Pico Iyer's post led me to the poignant Living with Less project on the NY Times website, which in turn proffered a tweet about a Cob House Built For Less Than $3,000 which was featured on treehugger. Ah, mud.

Once, while on pilgrimage in Bodhgaya, India, I was pulled aside by one of the local kids who wanted to show me his home. It was clear that he was working; his intention was to evoke pity and walk away with a couple Rupies. Instead of pity I felt a twinge of admiration upon seeing his family's simple mud hut, whose air was cool despite a hot day outside. The interior looked extremely similar to the cob house in the treehugger article, even down to the fire pit that also functions as a bench. I was fully aware of the fact that this kid had a really tough life -- intermittent access to clean water, his mother stretching to feed her four children, and I'm sure a mud hut is no fun during a monsoon. Despite this, for a moment the aesthete in me managed to fix its tunnel vision on the minutiae of organic forms, functional design, and perceived simplicity. I was jealous. The self-cherishing mind is a quizzical and depressingly short-sighted thing.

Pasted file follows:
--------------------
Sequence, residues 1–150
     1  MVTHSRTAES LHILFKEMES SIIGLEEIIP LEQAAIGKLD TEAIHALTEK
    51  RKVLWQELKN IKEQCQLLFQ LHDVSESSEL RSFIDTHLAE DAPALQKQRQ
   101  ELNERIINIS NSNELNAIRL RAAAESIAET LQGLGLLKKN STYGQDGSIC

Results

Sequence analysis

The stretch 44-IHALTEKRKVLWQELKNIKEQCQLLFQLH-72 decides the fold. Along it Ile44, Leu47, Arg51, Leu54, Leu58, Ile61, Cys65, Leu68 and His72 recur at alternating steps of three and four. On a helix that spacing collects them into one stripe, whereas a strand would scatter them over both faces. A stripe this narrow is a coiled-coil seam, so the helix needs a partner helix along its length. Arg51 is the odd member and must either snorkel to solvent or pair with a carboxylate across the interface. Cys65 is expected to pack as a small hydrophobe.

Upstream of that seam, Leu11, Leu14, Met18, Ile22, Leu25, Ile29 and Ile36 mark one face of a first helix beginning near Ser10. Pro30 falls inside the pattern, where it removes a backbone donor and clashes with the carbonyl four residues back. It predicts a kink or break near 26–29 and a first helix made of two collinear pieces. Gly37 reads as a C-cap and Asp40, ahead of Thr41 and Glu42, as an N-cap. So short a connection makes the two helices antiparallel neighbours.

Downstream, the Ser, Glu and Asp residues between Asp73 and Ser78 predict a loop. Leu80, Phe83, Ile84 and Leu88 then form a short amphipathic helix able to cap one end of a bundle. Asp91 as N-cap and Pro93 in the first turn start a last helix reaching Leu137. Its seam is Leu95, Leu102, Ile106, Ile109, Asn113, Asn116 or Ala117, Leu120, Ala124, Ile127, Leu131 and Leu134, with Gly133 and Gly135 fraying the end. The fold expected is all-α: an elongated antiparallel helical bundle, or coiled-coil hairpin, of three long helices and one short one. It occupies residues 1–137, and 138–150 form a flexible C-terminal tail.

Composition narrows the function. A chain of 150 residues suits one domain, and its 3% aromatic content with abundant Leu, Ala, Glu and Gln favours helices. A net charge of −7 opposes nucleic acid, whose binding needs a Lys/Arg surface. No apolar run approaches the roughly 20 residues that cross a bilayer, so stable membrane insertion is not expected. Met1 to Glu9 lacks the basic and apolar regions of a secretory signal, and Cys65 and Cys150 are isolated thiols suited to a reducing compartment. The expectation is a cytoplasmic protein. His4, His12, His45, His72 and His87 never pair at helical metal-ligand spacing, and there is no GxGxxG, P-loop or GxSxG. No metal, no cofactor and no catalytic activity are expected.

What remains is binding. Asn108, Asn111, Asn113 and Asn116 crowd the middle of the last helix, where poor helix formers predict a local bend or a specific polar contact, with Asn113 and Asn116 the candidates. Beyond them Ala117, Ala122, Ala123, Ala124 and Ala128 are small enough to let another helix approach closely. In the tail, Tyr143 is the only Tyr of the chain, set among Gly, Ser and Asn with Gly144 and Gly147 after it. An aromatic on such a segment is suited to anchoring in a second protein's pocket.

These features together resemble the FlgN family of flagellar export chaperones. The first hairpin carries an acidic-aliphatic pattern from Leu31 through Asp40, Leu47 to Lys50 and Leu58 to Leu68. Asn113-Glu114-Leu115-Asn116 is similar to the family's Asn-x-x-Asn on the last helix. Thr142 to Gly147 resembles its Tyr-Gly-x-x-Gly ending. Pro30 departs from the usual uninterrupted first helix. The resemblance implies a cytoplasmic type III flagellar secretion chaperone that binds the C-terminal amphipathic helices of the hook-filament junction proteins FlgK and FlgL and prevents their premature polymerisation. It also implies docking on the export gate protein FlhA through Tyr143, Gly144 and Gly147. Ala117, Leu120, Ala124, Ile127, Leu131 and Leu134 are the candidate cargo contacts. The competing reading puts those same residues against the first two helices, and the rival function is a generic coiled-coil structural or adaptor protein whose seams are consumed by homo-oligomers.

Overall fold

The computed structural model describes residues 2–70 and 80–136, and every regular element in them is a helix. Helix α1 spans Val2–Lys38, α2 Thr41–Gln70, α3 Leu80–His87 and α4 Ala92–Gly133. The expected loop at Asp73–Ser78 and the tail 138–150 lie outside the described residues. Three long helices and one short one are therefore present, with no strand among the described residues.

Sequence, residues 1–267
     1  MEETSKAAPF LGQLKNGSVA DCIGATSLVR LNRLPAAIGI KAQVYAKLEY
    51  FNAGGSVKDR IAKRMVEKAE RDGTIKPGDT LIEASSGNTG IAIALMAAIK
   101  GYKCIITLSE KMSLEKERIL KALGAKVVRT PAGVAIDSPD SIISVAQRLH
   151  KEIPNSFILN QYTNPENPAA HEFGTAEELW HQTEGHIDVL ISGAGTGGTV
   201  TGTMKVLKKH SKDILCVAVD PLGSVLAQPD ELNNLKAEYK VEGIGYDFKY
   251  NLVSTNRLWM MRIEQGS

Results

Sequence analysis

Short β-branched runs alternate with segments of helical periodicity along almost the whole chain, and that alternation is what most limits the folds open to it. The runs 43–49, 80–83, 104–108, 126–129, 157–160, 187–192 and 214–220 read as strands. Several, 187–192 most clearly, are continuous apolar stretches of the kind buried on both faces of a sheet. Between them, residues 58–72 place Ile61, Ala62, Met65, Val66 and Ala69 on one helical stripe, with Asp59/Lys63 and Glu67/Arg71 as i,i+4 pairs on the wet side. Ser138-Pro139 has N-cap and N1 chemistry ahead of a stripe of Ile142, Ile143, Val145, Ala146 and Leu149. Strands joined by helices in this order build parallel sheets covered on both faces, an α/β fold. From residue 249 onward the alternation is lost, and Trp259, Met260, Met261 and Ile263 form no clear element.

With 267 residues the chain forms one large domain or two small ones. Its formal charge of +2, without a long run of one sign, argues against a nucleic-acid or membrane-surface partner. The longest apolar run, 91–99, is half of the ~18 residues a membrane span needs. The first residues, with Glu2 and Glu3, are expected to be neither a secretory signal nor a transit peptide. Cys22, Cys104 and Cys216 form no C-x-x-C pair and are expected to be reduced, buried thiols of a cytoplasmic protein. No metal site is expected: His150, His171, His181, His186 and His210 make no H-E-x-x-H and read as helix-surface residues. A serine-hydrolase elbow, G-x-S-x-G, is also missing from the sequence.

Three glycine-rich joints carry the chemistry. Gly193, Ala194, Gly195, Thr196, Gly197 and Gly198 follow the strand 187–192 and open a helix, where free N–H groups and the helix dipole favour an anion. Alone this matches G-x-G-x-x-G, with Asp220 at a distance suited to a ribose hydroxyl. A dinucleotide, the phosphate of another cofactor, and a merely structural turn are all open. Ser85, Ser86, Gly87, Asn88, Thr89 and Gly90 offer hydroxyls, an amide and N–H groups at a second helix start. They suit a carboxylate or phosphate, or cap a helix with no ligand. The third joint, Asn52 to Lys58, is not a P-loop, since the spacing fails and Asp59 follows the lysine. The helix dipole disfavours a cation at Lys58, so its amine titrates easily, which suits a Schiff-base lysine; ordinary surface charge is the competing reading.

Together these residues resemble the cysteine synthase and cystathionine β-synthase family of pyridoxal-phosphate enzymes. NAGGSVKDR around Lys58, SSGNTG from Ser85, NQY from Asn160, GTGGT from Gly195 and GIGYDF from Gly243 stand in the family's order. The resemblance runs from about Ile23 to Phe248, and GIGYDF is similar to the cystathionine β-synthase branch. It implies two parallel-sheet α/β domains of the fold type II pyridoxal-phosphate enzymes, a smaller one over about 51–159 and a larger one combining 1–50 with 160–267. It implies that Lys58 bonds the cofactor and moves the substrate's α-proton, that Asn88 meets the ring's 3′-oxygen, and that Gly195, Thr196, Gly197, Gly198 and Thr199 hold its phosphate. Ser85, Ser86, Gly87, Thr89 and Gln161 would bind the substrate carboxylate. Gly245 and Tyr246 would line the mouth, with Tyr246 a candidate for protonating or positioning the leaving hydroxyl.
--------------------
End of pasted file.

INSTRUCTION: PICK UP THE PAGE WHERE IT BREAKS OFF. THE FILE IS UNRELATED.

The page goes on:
Witnessing the begging industry in India taught me new things about economics. After showing me his house, the boy asked me to buy some schoolbooks for himself and some of his friends. I did so, happily. The boys seemed genuinely glad to have the books. Later that day, a fellow traveller told me that the kids will sell the books back to the bookshops for a tenth of what I paid. It's like Trickle Down Economics somehow applies itself irregardless of the starting point, as if wealth had a magnetic quality that sucks money and resources out of the hands of the poor and into the hands of the affluent. Some might point an accusatory finger at the institution of capitalism; I point the finger at selfish existence in general, which in turn implicates my own self-cherishing materialism.

As I understand it, there are three primary components to news -- the facts, the interpretation, and (possibly most important) the emotional human element. At Thubten Choling, the Buddhist monastery and retreat center where I lived for 3 years, I experienced the human element of news from a perspective that fundamentally altered my outlook.